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Georgetown University’s Newspaper of Record since 1920

The Hoya

Georgetown University’s Newspaper of Record since 1920

The Hoya

MURFs Hold First Symposium

Georgetown’s recently-founded Mortara Undergraduate Research Fellows presented their current research projects in the group’s first-ever symposium in the Mortara Center Thursday night.
The program was founded by the Mortara Center for International Studies and the Walsh School of Foreign Service in 2012 and consists of three SFS students per class year. Fellows are nominated through their SFS proseminar professor and then must complete an application before pairing with a professor for research training and later independent research.

Emma Murphy (SFS ’16), Erin Sielaff (SFS ’16), Rahul Kaul (SFS ’16), Asjed Hussain (SFS ’15), Soumyajit Mazumder (SFS ’15) and Elaine Colligan (SFS ’15) shared their past and current research projects and their experiences as MURFs at the symposium. The newly-selected freshman cohort of MURFs, Duncan Hobbs (SFS ’17), Bethan Saunders (SFS ’17) and Samantha Mladen (SFS ’17), were also in attendance.

Murphy presented the interview-based research she is currently working on with professor Rochelle Davis about forced displacement, specifically among Syrian refugees. Murphy championed her interview method as a way to connect directly with refugee concerns.

“I think there is a disparity between the story you hear from the humanitarian community and the story you hear from the refugees, and it made me realize all the more important it is to go and talk to the refugees and make sure that their voice is heard,” Murphy said.

Murphy plans to study abroad in Jordan in the fall in the hopes of sparking and expanding her own independent research.

Sielaff, who is mentored by professor Erik Voeten, presented her data set on gender mainstreaming in United Nations Security Council resolutions from 1990-2013. Sielaff coded for specific words and phrases that would determine the effectiveness of Resolution 1325, a resolution passed in 2000 to better include women in matters of peace and security. She plans to present her data at the Georgetown Undergraduate Research Symposium in April.

Kaul researched the effect of international regulation on industry and the dissemination of regulation exemplified by the Hague Convention on International Parental Child Abduction under the tutelage of professor Abraham Newman. Kaul plans to conduct his own research on public debt and political institutions, possibly focusing on austerity packages in Europe and comparative political economy.

Hussain worked with professor Marc Busch on research involving the World Trade Organization Dispute Settlement Reform and other areas of international trade. Hussain presented the beginnings of his independent research on the relationship between Foreign Direct Investment and Bilateral Investment Treaties in developing countries. He will continue to expand his paper in the coming months.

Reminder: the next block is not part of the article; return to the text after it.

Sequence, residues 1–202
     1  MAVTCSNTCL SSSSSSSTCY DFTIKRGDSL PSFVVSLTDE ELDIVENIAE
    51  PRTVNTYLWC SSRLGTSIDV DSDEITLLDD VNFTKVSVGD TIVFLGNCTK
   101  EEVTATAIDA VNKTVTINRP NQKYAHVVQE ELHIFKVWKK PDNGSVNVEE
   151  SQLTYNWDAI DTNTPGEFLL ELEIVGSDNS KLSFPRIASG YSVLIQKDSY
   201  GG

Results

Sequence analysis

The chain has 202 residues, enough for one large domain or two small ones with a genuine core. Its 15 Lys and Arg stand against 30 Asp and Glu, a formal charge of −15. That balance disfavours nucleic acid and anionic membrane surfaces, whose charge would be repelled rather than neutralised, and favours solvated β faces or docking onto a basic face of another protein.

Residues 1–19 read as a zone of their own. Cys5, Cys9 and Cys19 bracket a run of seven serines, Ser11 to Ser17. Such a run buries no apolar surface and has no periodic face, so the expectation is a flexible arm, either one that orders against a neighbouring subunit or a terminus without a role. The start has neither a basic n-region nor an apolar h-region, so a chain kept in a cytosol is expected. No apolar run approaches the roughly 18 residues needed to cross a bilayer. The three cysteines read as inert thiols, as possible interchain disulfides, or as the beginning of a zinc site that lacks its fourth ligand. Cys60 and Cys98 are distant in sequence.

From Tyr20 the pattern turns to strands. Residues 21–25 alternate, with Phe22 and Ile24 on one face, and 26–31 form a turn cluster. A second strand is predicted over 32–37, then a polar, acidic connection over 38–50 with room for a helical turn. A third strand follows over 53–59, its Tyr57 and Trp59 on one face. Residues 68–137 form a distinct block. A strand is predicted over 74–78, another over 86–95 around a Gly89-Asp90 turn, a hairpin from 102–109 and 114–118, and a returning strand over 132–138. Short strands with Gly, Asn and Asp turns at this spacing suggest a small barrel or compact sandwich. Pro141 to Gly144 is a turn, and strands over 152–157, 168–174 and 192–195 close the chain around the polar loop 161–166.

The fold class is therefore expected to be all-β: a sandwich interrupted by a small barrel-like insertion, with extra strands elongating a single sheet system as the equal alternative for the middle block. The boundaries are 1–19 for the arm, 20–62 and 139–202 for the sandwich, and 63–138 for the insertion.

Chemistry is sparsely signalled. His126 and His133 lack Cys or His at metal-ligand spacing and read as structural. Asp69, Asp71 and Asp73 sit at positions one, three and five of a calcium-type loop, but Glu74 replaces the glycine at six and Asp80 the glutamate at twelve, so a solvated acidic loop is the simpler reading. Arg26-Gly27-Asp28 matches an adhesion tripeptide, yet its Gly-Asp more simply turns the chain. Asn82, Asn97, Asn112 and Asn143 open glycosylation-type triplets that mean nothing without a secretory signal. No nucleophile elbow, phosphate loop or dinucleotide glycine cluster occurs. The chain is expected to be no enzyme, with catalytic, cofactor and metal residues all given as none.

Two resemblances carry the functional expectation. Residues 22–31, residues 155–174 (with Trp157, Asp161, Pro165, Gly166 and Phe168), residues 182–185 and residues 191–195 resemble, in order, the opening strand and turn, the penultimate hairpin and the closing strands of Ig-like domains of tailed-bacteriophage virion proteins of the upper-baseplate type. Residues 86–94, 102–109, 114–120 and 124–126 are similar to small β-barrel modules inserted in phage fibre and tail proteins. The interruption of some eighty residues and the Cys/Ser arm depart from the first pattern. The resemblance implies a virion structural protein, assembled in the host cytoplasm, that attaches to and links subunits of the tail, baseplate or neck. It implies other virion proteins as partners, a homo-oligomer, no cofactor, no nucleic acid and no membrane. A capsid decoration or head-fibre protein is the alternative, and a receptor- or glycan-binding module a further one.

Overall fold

Mazumder presented his research on the political manipulation of the European Union through the role of the presidency. With professors James Vreeland and Kathleen McNamara as his mentors, Mazumder examined the amounts of foreign aid given to temporary UN Security Council members in the EU in years when France, Germany and the United Kingdom held the EU Presidency. He is planning two independent projects that will examine the effect of bilateral investment treaties on leader survival across regime types and the effect of international political economy on the U.S. debt ceiling crisis.

Colligan presented her proposal for an upcoming ethnographic study of Senegalese fisherwomen. After working for a Non-Governmental Organization in Senegal last summer, Colligan will return this summer to study women’s vulnerabilities and responses to climate change and environmental degradation in a culture of gender-discriminatory labor. She hopes to work at the intersection of activism and academics in the future.

The MURFs program will reach its full capacity of twelve students next year, after which point the program may expand, according to Mortara Center Assistant Director Moira Todd. “After we reach the full size of the program and the financial plan, then we can evaluate and see what goes from there,” Todd said. “I see the demand with the number of applications for MURFs, so there’s clearly more students who would like to be doing this.”

However, fellows and administrators agree that its small size is part of what makes the program unique.

McNamara, who was instrumental in the program’s founding, says the program has come far in just two years.

“It’s far outstripped my fondest hopes,” McNamara said. “It’s been a stunning success, really because the MURFs themselves are so talented and then the faculty mentors have clearly taken this very seriously.”

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